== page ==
Immunity – The body produces infection-fighting substances called cytokines while you sleep. Lack of sleep prevents the immune system from being able to fight off bacteria and viruses and then also takes longer to recover from illness (11). Research shows that people who don’t get enough sleep are more likely to get sick after being exposed to a virus, such as a common cold (11).

What are some healthy sleep habits?

1. Set a sleep schedule and stick to it.

2. Stop scrolling and turn off electronic devices at least 30 minutes before bedtime.

3. Avoid caffeine for several hours before bedtime.

4. Exercise regularly, which promotes more restful sleep but do it earlier in the day.

5. Create a relaxing bedroom, like a comfy bed in a cool room that’s quiet and dark.

Which supplements can help with sleep?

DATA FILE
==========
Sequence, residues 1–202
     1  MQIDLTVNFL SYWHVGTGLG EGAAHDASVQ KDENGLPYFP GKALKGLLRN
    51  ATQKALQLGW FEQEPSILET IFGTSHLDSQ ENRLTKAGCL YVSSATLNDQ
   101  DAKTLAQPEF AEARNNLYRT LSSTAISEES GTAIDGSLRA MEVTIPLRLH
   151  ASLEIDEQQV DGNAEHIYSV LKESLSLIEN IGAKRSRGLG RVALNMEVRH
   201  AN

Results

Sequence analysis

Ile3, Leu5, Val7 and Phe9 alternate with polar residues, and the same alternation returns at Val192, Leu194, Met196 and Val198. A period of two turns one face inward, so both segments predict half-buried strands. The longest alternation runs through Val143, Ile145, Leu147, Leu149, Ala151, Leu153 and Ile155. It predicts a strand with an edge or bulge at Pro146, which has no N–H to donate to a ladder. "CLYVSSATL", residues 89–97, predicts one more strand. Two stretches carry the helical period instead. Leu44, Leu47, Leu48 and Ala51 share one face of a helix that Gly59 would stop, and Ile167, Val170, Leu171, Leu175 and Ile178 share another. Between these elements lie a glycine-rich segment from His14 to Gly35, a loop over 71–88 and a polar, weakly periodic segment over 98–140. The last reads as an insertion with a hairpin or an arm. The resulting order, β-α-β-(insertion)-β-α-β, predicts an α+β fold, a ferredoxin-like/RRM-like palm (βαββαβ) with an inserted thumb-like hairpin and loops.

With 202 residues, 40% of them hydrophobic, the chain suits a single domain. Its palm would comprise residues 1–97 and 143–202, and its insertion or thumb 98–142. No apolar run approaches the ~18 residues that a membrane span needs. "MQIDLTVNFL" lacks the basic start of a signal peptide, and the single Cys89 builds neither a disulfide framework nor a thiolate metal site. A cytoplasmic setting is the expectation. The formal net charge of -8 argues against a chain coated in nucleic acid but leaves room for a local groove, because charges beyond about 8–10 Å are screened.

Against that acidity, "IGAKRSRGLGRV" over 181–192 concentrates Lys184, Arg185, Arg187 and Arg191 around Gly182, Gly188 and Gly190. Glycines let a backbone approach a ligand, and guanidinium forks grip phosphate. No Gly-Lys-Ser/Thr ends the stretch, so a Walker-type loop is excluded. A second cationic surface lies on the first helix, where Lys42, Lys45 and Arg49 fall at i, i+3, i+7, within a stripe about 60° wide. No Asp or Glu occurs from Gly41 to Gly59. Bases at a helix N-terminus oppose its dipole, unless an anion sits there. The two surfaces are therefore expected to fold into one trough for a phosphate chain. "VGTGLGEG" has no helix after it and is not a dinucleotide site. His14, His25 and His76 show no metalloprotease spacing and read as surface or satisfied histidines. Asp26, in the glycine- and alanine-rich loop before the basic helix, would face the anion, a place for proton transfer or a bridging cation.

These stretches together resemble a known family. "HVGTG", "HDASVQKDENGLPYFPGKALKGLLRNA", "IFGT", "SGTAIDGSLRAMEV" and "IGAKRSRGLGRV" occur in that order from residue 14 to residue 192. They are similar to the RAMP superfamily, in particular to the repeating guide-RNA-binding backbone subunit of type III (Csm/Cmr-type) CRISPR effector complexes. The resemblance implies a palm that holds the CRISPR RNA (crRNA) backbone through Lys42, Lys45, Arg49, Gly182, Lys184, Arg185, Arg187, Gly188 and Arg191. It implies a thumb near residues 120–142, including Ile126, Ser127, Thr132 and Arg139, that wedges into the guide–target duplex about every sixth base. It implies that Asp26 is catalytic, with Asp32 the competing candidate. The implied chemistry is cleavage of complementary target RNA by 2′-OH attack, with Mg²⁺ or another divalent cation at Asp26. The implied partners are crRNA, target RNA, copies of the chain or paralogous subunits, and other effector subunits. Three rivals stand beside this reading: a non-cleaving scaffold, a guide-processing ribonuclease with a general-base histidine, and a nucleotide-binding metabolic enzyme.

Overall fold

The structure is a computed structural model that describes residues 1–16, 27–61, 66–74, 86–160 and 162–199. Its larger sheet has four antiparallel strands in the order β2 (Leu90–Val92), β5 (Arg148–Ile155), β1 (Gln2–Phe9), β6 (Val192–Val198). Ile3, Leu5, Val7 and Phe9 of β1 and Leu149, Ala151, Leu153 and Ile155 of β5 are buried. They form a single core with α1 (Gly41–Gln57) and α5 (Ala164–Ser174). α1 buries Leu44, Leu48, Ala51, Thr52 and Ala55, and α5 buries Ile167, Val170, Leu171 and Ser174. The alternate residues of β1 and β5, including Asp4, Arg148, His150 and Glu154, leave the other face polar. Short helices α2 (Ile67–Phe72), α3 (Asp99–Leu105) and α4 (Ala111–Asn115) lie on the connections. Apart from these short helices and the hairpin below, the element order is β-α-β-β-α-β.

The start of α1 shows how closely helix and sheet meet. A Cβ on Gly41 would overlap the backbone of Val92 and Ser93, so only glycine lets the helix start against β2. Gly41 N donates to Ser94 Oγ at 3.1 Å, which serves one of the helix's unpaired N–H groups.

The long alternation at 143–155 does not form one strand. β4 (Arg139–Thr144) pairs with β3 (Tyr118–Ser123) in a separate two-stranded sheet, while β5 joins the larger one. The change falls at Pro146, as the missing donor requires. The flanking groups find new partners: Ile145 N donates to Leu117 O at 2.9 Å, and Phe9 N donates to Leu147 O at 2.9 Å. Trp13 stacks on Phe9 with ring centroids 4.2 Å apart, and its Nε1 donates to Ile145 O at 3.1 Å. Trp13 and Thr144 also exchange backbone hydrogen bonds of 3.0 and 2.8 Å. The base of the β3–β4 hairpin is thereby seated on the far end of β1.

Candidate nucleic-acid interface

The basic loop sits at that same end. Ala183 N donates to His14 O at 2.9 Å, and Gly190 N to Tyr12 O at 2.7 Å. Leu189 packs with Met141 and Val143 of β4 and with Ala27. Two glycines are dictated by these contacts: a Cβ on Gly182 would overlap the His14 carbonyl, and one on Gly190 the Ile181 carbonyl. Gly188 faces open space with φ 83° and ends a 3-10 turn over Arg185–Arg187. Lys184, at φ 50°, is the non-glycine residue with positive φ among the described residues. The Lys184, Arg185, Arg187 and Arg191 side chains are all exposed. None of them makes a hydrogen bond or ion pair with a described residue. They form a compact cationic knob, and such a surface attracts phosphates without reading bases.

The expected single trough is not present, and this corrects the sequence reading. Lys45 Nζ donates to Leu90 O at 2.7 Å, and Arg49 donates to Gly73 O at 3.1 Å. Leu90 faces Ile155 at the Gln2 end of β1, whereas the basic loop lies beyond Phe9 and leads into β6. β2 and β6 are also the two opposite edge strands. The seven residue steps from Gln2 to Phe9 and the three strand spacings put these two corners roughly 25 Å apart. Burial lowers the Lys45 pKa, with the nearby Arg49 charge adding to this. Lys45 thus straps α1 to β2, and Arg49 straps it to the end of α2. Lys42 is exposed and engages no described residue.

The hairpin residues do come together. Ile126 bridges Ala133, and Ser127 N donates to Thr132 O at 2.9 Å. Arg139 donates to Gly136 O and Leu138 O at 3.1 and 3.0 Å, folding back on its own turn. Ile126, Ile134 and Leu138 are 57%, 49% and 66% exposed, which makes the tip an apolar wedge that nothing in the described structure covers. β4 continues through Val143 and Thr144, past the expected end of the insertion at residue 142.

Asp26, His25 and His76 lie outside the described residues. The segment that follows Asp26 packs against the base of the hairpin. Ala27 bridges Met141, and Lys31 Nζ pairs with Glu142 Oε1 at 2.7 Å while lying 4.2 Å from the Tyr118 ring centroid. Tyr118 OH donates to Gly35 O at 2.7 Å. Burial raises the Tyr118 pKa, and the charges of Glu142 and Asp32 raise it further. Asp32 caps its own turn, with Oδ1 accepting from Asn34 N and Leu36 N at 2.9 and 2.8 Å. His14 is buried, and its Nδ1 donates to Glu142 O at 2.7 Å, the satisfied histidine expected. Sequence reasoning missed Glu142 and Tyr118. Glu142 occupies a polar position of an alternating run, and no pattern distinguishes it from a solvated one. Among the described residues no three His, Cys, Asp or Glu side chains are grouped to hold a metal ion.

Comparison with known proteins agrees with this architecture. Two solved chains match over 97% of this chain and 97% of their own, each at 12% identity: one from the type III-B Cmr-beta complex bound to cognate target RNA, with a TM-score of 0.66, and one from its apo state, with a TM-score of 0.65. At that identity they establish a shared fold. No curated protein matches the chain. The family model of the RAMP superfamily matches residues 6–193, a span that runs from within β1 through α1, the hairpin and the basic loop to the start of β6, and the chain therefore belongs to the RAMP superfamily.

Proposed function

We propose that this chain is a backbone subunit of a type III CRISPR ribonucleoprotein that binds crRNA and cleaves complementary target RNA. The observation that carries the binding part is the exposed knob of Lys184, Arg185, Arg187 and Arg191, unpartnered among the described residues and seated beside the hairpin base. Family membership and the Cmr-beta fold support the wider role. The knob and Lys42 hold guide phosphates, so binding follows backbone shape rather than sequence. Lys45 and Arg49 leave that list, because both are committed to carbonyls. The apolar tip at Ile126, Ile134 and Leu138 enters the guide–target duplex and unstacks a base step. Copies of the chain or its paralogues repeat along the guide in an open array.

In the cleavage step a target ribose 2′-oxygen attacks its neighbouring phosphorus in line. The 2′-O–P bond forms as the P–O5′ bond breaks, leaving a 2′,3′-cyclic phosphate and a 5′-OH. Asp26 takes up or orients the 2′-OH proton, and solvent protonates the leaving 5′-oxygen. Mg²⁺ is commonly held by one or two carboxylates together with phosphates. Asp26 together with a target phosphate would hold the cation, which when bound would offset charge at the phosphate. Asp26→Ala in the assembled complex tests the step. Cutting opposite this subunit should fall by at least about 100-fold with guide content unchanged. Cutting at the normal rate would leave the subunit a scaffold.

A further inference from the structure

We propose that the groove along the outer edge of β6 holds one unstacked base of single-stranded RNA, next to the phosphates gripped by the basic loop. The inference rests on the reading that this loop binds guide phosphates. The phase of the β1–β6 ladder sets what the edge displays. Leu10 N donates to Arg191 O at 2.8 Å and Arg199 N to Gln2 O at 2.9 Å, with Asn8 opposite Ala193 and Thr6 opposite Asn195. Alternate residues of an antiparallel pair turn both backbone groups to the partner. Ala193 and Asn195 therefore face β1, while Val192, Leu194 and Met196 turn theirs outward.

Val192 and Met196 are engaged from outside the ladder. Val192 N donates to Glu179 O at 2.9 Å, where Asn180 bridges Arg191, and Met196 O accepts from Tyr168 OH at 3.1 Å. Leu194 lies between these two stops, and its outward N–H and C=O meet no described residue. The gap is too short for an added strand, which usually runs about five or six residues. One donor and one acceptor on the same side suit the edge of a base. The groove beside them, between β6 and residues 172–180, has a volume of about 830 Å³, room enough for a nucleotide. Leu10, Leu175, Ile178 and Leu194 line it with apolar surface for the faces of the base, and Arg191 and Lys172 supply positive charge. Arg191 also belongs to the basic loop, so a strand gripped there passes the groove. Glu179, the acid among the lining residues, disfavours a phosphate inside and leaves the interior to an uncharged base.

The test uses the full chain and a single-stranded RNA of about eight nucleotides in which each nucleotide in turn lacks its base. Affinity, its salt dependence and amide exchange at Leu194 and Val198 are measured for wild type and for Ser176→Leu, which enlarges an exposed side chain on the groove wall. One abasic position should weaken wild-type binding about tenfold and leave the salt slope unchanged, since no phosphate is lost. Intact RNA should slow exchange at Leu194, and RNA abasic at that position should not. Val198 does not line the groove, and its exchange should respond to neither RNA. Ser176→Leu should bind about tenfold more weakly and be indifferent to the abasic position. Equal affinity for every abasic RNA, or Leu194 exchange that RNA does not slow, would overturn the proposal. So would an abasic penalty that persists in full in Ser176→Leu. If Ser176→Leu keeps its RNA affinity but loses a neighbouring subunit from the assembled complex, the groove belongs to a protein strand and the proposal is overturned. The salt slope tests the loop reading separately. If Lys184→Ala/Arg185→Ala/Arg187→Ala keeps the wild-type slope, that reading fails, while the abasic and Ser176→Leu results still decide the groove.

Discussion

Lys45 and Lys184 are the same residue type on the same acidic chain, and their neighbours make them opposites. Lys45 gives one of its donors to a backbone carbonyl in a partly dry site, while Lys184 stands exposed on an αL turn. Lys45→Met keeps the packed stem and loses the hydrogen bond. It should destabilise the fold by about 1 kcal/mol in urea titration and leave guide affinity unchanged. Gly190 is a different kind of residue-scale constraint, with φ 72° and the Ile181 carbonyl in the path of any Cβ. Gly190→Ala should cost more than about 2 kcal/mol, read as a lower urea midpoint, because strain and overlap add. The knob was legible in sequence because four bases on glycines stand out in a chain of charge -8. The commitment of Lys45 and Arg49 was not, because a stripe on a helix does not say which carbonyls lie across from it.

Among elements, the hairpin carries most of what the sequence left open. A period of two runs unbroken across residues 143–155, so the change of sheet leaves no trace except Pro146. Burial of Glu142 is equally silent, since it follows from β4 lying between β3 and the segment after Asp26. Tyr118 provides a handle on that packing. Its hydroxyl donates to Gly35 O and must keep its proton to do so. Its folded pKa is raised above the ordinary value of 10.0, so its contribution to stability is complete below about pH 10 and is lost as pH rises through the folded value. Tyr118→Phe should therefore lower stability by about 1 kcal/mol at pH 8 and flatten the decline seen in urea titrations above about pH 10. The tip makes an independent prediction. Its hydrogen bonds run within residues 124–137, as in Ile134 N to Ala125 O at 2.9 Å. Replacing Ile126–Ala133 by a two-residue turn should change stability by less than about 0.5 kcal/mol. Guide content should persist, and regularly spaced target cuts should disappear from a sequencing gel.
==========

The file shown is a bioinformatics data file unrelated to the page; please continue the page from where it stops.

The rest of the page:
Melatonin – naturally regulated in the body, rising and falling during specific times of the day. Melatonin production can be disrupted by many factors including an inconsistent sleep schedule. Persona’s low-dose supplement supplies the body with its natural sleep hormone.

Herbal Rest – a powerful combination of 3 key ingredients working in different ways to help you fall and stay asleep: Magnesium citrate (one of the most bioavailable forms that promotes muscle relaxation), L-theanine (can lower anxiety to help you fall asleep), and hops flower extract (to help you stay asleep).

L-Tryptophan – an essential amino acid that assists with creating proteins and brain-signaling hormones. L-tryptophan gets converted to serotonin in the body, which can help improve sleep and overall mood.

5-HTP – 5-hydroxytryptophan, or 5-HTP, is used by the body to create a chemical called serotonin. Serotonin is well known to enhance mood and is a target of pharmaceutical antidepressants. Serotonin can also improve sleep and pain by supporting the function of the central nervous system.